Entity Framework Model Generation with TPH Detection

  • Apr 04, 2009 at 4:44 AM
  • Shawn Wildermuth

Url: http://blogs.msdn.com/adonet/archive/2009/04/04...


One of my favorite patterns in the Entity Framework is a smarter way to use discriminators for data in a database. Using Tables per Hierarchy (TPH) or Tables per Type (TPT) all for more complex modeling of data in a relational data store. In a simple example, you might have a database that looks like this:

ER Diagram

Notice that the ProductType is actually helping define what type of product it is (and therefore which decorator table holds additional information about that type). In the Entity Framework I like to model this as inheritance in the model:

EF Inheritance

Notice the connection between the Product and the Game/Accessory/Console tables is inheritance not a foreign key. A Game contains the properties defined by the Game type plus the properties defined by the Product type.  Its real inheritance. This allows us to make LINQ queries like so:

var qry = from g in ctx.Products
          where g is Game
          select g;

The second line is the magic part of the query.  This example shows searching through the Products in the model who are actually of the Type "Game". So the model has knowledge in it that makes it easier to query the real intent of the data without having to trouble with the details.  The user of this model doesn't need to worry about what properties make it a Game, but can just treat it as such. Very powerful and just using tooling to describe data we've always modeled like this.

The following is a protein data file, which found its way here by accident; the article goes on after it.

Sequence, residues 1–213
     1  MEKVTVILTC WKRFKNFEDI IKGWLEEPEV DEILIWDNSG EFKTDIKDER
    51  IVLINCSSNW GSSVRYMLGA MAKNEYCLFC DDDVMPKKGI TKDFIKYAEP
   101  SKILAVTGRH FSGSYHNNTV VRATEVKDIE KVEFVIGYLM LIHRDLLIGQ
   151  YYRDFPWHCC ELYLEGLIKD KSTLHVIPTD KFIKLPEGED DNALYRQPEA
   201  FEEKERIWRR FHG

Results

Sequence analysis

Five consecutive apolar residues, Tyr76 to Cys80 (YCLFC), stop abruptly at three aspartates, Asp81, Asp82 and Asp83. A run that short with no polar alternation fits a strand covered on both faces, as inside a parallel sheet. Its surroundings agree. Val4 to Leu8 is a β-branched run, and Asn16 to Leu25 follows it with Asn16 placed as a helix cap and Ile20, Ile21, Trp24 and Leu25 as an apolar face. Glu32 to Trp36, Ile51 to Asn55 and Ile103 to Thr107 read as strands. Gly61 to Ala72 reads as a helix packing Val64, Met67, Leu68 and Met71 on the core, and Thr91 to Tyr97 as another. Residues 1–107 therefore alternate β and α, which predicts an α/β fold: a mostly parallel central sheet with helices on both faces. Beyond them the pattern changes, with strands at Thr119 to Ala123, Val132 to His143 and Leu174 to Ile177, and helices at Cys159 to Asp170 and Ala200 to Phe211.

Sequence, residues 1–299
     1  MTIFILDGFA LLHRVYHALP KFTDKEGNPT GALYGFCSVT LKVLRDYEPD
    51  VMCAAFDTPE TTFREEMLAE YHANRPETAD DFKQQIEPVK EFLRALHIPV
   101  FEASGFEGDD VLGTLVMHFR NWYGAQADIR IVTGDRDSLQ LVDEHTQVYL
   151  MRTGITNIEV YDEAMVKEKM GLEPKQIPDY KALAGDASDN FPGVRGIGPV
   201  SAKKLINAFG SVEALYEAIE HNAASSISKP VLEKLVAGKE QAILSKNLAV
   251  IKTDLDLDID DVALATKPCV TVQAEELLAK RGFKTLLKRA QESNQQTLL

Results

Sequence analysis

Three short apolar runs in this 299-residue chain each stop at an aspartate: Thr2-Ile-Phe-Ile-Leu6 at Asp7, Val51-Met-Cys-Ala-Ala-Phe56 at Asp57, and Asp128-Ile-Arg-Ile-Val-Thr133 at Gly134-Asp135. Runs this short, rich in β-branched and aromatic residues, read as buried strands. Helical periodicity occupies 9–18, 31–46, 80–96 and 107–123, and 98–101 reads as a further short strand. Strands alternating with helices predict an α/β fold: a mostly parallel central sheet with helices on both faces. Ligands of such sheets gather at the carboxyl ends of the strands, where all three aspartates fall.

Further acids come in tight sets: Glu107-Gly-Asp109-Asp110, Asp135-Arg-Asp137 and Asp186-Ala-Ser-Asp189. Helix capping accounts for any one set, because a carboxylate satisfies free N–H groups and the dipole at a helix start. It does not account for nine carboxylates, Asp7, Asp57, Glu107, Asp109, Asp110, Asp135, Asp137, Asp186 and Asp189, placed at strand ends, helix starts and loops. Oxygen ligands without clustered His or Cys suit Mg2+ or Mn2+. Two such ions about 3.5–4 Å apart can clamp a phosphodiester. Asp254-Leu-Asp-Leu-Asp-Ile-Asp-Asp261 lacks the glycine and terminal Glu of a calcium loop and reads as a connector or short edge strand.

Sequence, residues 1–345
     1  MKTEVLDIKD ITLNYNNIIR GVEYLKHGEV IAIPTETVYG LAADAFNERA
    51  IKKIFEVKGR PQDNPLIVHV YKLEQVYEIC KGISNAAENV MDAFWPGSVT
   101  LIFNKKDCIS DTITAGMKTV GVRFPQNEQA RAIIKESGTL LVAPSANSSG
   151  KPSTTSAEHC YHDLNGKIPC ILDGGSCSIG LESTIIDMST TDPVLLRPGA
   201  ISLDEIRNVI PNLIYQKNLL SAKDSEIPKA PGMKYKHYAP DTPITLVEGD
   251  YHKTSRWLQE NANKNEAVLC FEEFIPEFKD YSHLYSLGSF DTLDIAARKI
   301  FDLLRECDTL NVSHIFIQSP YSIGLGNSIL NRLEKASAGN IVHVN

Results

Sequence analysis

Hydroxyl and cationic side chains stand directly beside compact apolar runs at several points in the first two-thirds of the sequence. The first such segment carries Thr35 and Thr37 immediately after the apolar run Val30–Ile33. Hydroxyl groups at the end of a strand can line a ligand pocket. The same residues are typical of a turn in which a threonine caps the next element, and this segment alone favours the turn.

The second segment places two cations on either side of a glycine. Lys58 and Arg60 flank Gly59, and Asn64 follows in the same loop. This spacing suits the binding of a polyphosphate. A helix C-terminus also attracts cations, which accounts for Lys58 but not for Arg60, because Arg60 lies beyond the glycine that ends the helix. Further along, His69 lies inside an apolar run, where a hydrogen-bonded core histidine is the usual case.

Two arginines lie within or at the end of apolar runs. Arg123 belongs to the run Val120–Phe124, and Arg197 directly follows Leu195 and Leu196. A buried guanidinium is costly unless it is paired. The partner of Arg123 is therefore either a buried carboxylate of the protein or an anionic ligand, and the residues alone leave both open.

Up to this point we've had to build these models ourselves (not always the easiest to do with the current designer). Today the ADO.NET EF team released a new version of the command-line compiler (EDMGEN) that can look for these patterns and produce the right model for you. The team used some resources over at MS Research to help provide heuristics to detect these patterns and do the right thing.  Check it out:






Paul Fazzino Sunday, April 5, 2009

This is really cool and thx for the heads up.

I'd also be interested to know if EF is flexible enough to generate a model that works using a vertical table design. A good example for these is in many CMS systems where the structure is extended by the end user of the product rather than in the DB schema.

I know there's lots of advice against this approach but it can really add a huge amount of flexibility if used correctly.

Here was an interesting article regarding FriendFeed and how they ended up using this pattern (http://bret.appspot.com/entry/how-friendfeed-uses-mysql)


Shawn Wildermuth Sunday, April 5, 2009


EF is powerful enough to do this but not with a static model (like the EDMX generates). EF allows you to create the models and store them in any way you need, the EDMX route is tooling that supports that but isn't the only way to do it.


Alex James Wednesday, April 29, 2009


Nice post. FYI I work with James T, he is very a switched on cookie. Most people have no idea how hard it is to do this sort of magic. It's beyond most mere morals.



dsoltesz Wednesday, April 29, 2009

It seems that the hierarchies for EdmGen2 are based off char columns as discriminants for entity hierarchies, we always use integer columns that are foreign keys to other tables that serve as enumerations and think EdmGen2 should support foreignkey and not char columns.

As in your example above, it would not generate the inherit model you created because you had productId as a int (fk)


Shawn Wildermuth Wednesday, April 29, 2009


The discriminator is based on the data you use in the tables, it does not need to be string based, it can be int based (and in fact this model is int based, the FK to the ProductType is the discriminator).

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